Perseverance is key in scaling your real estate business no matter where you are in the world. For Monick Halm’s guest, Daniella Dhillon, learning from experience and from the right people can get you to where you want to be. Daniella, a real estate investor from the Land Down Under, has figured out how to crush it in Australian and US real estate markets. She tells us exactly how she was able to conquer both world’s real estate market. Working with her husband Kevin, they established Dhillon Partners to enable other like-minded investors to join in their investment opportunities, as they look to continually grow and expand their property portfolio in the US. She shares some the challenges she had in syndication and property development. Be inspired with this Australian real estate investor’s story and start building your own empire now!
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Interview With Australian Real Estate Investor Daniella Dhillon
This is the show where we share stories of super inspiring women in real estate. I call them the Real Estate Investor Goddesses. They are women who are doing incredible things in real estate investment. Our guest is certainly no exception to that. She is a real estate investor originally from Australia, who figured out how to crush it in both Australian and US real estate markets. She began investing with her husband, Kevin, in 2006. At that point, she was working as an IT professional and Kevin was a property manager. They began acquiring single-family homes, duplexes and triplexes in Australia. One of the things that’s cool is they were super young when they started. They did well there and they relocated to the US in 2011 to extend their property portfolio.
Our guest, Daniella is passionate about wealth creation through real estate. This enabled her and her husband to quit their jobs while they were still in their twenties. They’ve been focusing on real estate full-time ever since. They self-managed three multifamily communities in Southeast Florida. They own up over 325 units. They still have places in Australia that they are managing. They established Dhillon Partners to enable other like-minded investors to join investment opportunities as they look to continually grow and expand their property portfolio in the US. They’ve done a bunch of different real estate strategies, including owner financing, development, value add projects and syndication. They live in Houston with their son, John, and a baby. They enjoy spending time with their family, both here in the US and Australia. I’m excited to have Daniella with us. Welcome, Daniella.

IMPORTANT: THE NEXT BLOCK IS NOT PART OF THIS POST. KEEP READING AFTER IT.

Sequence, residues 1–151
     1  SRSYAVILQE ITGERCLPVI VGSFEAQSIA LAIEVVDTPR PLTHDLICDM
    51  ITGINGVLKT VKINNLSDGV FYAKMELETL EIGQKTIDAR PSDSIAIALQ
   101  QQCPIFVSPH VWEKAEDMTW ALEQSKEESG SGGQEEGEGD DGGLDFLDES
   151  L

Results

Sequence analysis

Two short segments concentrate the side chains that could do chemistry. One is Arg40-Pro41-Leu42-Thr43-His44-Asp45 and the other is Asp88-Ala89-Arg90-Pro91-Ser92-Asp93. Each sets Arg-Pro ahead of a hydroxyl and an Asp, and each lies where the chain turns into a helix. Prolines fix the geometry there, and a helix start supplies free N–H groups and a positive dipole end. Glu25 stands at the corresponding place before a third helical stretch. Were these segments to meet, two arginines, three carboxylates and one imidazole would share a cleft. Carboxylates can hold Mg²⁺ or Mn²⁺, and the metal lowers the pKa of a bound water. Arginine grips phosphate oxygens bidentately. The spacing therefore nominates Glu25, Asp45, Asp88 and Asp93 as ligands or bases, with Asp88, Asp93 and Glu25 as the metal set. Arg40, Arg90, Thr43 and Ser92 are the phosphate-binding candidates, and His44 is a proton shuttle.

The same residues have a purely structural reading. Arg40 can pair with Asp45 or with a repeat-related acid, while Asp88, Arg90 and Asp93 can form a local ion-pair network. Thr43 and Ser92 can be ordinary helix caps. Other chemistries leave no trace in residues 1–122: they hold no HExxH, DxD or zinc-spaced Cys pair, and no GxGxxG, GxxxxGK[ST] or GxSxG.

Thanks, Monick. Thanks for the awesome introduction.
I’m going to add one other thing about Daniella who’s from Australia. She and my husband, who’s also an Aussie, are part of this group of Australian real estate investors. They call themselves the Aussie Real Estate Mafia, although they only do good. They’re a group of Australians who have discovered what a great market the US is in and are all working here. I’m excited to have you here.
We use the power of good.
I always like to start at the beginning because I’d like to know you. You started back in 2006, but how did you get started? What made you start in real estate?
To be honest, it started in an interesting way. Firstly, my business partner is Kevin Dhillon, my husband. Kevin had already been educating himself about real estate. He had the knowledge and this was back in early 2000. He’s reading books like Robert Kiyosaki’s Rich Dad Poor Dad and that sort of stuff. The point of taking action like doing something was motivated by my father, believe it or not. At the time, Kevin and I were dating for a couple of years. We wanted to take our relationship to the next level talking about marriage. Kevin went ahead and approached my dad for his blessing, at which my dad said no. It was shocking because we weren’t expecting that at all.
The reason why he said no was that Kevin didn’t have a job at the time. He was still a college student. We didn’t have a house, so where are we going to live? The third thing my dad said was, “You’re young. Maybe you should get some few hard knocks in life.” That’s my dad. Within about 6 to 8 months, these are prerequisites, so Kevin and I knocked each down. Kevin graduated from university. We went ahead and bought a single-family house together, which was far from the city because it was all that we could afford. At the time, I was already started working. I’ve probably been working for about 1.5 years, so I had some savings. It was enough for a small deposit. We bought a three-bedroom house in Melbourne, Australia, where we’re from. There is a good ending to the story. Kevin did ask my dad again and he said, “Yes. Go ahead. You have my blessing.”
Subsequently, it forced us to get into real estate. For the first five years, because it was so far away, it doesn’t make sense to live that far from the city. We opted to stay with in-laws and we pushed all our fair savings into real estate investment. That was a lesson for us. We started young-ish and we’ve never owned our own principal place of residence even to this day. We use the fruits of the cashflow from our investment to support our lifestyle. We would rather put that into more investments than buy our own house, which is a Kiyosaki thing to do. Treating your house is a responsibility and a luxury.